I will not condemn a man for saying something stupid, for I may do likewise before the day is over. Pat Robertson will have to live with his ungracious words. Followers of Christ have an obligation to forgive and love the man, though we may loathe what he did.

But we do not have to listen to Pat Robertson. I recommend that you don’t.

Thought du Jour – Reconciliation

Posted January 6, 2010 by johnpjohnston
Categories: Grace, Thought du Jour

Tags: ,

We implore you on behalf of Christ, be reconciled to God. For our sake He made Him to be sin who knew no sin, so that in Him we might become the righteousness of God. Working together with Him, then, we appeal to you not to receive the grace of God in vain. For He says, ‘In a favorable time I listened to you, and in a day of salvation I have helped you.’ Behold – now is a favorable time! Behold, now is the day of salvation!

– 2 Corinthians 5:20b – 6:2 (NIV)

Paul expresses a strong sense of urgency as he implores the church at Corinth to be reconciled to God. He provides a brief but powerful picture of justification and grace as well as a reminder that while grace is a free gift, it must be received and embraced to bring about salvation.

As followers of Christ we are agents of reconciliation (ambassadors for Christ, per v. 6:1a) to share the good news of God’s plan of redemption through His marvelous grace. But the passage reminds us that the age of grace will not last forever.

The clock is ticking. There is much work to be done.

The Manger is Empty . . . and so is the Tomb

Posted December 23, 2009 by johnpjohnston
Categories: Advent, Christmas, Jesus

Tags: ,

John 1:1-5, 9-14

The Word Became Flesh

1 In the beginning was the Word, and the Word was with God, and the Word was God. 2He was in the beginning with God. 3 All things were made through him, and without him was not any thing made that was made. 4 In him was life, and the life was the light of men. 5 The light shines in the darkness, and the darkness has not overcome it.

9 The true light, which enlightens everyone, was coming into the world. 10He was in the world, and the world was made through him, yet the world did not know him. 11He came to his own, and his own people did not receive him. 12But to all who did receive him, who believed in his name, he gave the right to become children of God, 13who not of blood nor of the will of the flesh nor of the will of man, but of God.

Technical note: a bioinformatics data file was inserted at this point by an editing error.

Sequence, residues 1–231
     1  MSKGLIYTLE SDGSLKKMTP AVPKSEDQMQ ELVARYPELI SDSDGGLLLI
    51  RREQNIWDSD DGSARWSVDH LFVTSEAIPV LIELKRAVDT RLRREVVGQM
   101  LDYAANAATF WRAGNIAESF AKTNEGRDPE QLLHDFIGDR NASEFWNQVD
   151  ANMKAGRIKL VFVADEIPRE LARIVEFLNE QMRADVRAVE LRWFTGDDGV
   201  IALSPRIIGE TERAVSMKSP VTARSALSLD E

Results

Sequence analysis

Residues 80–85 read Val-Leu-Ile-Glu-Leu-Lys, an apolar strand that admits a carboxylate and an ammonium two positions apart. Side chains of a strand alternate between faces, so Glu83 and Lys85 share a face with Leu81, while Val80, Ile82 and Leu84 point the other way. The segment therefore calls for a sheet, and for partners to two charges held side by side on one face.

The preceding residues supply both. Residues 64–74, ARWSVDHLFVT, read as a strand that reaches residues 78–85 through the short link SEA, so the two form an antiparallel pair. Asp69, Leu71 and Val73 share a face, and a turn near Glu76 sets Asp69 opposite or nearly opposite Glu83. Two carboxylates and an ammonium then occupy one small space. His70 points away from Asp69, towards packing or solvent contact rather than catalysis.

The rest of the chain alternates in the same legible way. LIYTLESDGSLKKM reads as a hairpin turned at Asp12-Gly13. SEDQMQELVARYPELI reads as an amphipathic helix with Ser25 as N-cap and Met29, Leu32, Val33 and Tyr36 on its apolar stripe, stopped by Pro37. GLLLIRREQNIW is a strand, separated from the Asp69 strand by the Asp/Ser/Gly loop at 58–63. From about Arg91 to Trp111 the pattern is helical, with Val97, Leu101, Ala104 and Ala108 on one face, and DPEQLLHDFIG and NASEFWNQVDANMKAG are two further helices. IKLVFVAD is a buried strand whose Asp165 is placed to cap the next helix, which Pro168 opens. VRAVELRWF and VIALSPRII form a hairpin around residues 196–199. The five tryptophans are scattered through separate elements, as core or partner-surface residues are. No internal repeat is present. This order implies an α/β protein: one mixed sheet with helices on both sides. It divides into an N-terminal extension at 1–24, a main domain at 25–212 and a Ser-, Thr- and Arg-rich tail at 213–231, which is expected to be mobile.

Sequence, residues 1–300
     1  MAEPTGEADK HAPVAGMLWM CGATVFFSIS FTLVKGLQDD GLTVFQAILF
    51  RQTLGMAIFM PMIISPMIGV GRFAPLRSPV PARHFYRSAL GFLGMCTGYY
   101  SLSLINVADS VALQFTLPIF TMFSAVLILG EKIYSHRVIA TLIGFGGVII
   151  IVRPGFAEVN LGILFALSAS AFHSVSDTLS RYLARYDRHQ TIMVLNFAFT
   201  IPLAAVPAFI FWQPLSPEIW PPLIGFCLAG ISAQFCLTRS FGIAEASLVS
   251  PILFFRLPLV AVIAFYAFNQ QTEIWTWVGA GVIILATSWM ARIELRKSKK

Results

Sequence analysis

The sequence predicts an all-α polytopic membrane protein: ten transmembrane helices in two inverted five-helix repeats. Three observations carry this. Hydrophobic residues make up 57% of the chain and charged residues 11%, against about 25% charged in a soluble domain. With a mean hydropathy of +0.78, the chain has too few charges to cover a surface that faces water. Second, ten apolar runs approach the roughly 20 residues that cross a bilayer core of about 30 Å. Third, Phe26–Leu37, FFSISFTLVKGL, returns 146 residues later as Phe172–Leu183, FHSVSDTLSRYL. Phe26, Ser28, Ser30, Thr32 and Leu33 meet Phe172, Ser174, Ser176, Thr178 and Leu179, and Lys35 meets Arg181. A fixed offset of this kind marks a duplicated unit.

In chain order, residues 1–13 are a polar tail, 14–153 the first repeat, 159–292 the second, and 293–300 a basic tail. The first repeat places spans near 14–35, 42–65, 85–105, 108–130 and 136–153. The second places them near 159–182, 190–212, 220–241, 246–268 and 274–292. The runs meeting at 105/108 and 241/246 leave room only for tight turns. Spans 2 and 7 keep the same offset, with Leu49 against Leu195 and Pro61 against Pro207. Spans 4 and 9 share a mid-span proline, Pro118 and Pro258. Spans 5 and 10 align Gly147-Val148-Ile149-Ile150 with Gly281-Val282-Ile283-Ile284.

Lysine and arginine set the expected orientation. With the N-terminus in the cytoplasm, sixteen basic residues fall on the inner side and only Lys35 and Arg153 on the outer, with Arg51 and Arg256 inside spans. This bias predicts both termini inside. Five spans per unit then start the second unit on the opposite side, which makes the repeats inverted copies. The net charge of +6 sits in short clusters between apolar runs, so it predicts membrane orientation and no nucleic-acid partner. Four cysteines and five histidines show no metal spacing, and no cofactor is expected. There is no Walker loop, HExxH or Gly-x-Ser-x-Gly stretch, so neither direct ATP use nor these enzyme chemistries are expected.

14And the Word became flesh and dwelt among us, and we have seen his glory, glory as of the only Son from the Father, full of grace and truth.

We don’t usually think of the gospel of John when we recount the Christmas story. We tend to go to Luke chapter 2 or Matthew 1 & 2, and rightly so, for they provide the most detailed accounts of Christ’s birth.

Yet the first chapter of John provides us perhaps the greatest summary of the advent of Christ, why He came into the world as a human baby. Jesus is God incarnate – Emmanuel: God with us. The tiny Jewish baby we first encounter lying in a feed trough in a borrowed stable was God in the flesh. He was vulnerable as any other infant – tiny and dependent on the care of Mary and Joseph. But he was also Messiah – the annointed one come to take away the sins of His people. A light of hope and salvation for the Jews and also for the Gentiles.

The Eternal Word, Sovereign God, voluntarily cast off most of His divine powers and humbled Himself, taking on bone and flesh to live as the Light of the World. This same baby would grow in wisdom and stature and in favor with God and man. As a man, he would incur the disfavor of the religious establishment, ultimately to lay down His life (again, voluntarily) for our sakes by suffering a terrible death on a Roman cross. He was then buried in a borrowed tomb. End of story . . . ?


Oh sure, many are happy to leave Jesus as a baby, still lying in a borrowed manger.

Others are quite content to leave Jesus as a dead man, still lying in a borrowed tomb.

But the manger is empty.

And so is the tomb.

The Light of the World still shines on. The Word became flesh and dwelt among us. . . and He lives on today!